CSAF Concedes A-10 Battle Damage Claim Was Erroneous

Air Force Chief of Staff Gen. Mark Welsh, with former Secretary of the Air Force Michael Donley, during Congressional testimony. (Photo: J. White, Getty).
Air Force Chief of Staff (CSAF) Gen. Mark Welsh, with former Secretary of the Air Force Michael Donley, during Congressional testimony. (Photo: J. White, Getty).


Earlier this week, I reported on CSAF’s recent All-Call remarks during a visit to Hill Air Force Base, where he stated that:

“Seventy percent of the A-10s we used during the first Gulf War suffered battle damage. It’s a rugged airplane, but it’s not hard to hit.”

I contended that his statement was inaccurate — grossly exaggerating the number of A-10s damaged by enemy fire during Operation Desert Storm (the number was closer to 13% according to the officially authoritative Gulf War Air Power Survey).

The analysis generated spirited debates, online and around Air Force water coolers, about the accuracy of various studies and reports from the Gulf War and about the relative survivability of the A-10 Warthog and other airframes in various tactical situations. What it did not immediately generate was an official response or correction from the Air Force. At least not until today.

Reached earlier via email, Maj. Christopher Moore, a spokesman for Gen. Welsh, stipulated on his behalf that CSAF “misspoke concerning the number of A-10s” damaged by enemy fire during Desert Storm. “The Chief acknowledges his error and attributes it to incorrectly recalling information from a briefing,” Moore said.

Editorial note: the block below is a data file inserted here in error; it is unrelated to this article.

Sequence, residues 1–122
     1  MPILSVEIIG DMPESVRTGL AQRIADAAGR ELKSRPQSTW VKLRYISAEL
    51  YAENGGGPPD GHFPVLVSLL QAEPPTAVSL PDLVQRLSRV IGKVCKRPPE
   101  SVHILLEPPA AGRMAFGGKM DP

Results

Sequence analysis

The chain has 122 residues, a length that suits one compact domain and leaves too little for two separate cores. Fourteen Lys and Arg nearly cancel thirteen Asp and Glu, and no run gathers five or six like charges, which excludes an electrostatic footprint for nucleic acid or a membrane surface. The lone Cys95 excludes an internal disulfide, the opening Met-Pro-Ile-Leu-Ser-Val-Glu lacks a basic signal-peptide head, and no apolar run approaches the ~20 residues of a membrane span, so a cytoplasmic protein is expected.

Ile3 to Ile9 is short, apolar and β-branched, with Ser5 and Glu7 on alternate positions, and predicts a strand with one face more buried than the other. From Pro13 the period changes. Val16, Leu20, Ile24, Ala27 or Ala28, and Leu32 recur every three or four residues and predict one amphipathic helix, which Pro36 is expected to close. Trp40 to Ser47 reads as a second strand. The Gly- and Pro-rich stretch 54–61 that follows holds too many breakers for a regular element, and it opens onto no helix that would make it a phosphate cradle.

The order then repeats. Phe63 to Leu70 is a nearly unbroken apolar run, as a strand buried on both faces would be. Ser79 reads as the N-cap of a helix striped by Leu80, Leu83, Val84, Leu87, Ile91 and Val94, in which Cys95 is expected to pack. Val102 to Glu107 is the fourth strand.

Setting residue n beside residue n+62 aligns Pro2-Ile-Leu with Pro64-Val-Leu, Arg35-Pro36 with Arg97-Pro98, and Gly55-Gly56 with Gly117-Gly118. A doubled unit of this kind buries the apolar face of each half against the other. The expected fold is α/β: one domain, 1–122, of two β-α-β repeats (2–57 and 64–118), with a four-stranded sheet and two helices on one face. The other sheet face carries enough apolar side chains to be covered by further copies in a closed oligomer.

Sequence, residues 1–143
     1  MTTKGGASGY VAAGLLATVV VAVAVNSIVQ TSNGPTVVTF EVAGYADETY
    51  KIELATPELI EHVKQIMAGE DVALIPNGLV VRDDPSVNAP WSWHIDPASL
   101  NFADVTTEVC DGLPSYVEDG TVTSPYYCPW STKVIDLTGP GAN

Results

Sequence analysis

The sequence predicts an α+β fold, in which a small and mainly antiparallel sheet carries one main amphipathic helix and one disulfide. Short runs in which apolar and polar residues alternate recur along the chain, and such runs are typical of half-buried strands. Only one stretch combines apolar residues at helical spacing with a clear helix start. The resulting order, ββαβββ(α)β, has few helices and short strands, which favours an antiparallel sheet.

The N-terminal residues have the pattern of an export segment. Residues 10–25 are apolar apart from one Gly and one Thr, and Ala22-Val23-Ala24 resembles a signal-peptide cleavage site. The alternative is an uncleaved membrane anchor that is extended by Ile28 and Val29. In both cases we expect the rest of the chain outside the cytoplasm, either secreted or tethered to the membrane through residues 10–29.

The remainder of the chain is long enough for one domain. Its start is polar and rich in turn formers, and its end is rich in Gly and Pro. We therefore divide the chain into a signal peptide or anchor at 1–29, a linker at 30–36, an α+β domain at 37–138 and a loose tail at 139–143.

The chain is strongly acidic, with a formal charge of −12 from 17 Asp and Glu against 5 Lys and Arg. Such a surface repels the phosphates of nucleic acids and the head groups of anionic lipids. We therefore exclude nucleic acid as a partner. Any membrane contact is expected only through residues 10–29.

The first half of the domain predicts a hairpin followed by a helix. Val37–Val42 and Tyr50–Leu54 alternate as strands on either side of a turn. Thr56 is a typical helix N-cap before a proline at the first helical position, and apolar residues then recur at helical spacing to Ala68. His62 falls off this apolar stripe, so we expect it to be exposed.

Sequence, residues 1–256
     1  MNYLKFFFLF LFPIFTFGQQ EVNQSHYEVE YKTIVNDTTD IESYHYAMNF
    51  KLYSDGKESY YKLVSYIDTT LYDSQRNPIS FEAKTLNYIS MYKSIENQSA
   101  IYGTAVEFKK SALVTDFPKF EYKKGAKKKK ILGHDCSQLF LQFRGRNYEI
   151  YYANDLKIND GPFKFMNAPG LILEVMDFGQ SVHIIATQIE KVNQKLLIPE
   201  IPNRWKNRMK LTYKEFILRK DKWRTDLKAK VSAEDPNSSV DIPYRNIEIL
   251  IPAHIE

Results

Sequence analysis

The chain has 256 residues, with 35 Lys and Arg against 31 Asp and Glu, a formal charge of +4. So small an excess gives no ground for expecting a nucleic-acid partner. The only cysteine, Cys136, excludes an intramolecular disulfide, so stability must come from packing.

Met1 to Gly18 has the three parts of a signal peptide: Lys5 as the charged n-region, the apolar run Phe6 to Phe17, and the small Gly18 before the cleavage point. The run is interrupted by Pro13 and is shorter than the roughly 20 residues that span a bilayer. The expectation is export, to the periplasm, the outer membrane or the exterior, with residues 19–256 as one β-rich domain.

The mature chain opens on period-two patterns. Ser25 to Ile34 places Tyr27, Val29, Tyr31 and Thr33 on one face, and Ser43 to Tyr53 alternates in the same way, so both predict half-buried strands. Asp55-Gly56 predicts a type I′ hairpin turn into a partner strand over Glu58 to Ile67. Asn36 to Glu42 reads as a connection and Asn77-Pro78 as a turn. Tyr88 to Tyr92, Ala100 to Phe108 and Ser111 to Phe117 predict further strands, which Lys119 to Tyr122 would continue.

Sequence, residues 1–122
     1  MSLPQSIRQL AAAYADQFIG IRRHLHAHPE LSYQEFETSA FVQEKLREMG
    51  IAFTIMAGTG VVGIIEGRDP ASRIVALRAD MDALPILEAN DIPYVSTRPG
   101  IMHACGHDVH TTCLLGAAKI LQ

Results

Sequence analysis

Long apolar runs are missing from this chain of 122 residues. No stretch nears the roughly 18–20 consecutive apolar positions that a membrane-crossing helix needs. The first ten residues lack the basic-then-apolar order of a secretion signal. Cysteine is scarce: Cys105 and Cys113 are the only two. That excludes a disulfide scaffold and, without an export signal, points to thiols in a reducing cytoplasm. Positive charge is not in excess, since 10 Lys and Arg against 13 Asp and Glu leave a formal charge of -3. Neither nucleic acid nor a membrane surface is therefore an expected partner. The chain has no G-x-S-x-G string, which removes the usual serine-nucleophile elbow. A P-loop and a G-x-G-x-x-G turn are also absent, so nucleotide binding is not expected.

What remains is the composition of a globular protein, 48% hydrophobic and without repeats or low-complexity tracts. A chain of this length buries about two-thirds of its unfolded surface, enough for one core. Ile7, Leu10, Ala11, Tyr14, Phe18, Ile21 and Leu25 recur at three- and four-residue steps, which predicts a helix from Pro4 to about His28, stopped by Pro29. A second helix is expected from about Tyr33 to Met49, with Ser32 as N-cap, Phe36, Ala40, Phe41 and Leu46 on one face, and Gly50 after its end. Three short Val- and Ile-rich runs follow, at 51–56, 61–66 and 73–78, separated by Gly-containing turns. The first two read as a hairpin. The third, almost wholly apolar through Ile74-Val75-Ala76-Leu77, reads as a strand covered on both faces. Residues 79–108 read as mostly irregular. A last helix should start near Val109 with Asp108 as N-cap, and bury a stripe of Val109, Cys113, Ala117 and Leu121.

I argued in the previous coverage that Gen. Welsh had been inaccurate either because he was ill-informed or because he had made a knowing misrepresentation. Today’s correction indicates it was a version of the former and not the latter. Welsh’s provision of a clarifying comment to extinguish this particular brush fire helps limit the damage to an already divisive debate about the future of the A-10 and Close Air Support.

Less encouraging is the fact that 75th Airbase Wing Public Affairs published CSAF’s remarks without giving him the benefit of a fact-check, and has not issued a correction to its online report of his speech. But this additional layer to the story does provide an additional learning opportunity.

This is a modest step forward in what has been an at times excruciatingly dishonest discussion about the best Close Air Support weapon ever known to airpower. Let’s hope it shifts the tone.

© 2015 Bright Mountain Media, Inc. 

All rights reserved. The content of this webpage may not be reproduced or used in any manner whatsoever without the express written consent of Bright Mountain Media, Inc. which may be contacted at media@brightmountainmedia.com


Comments are closed.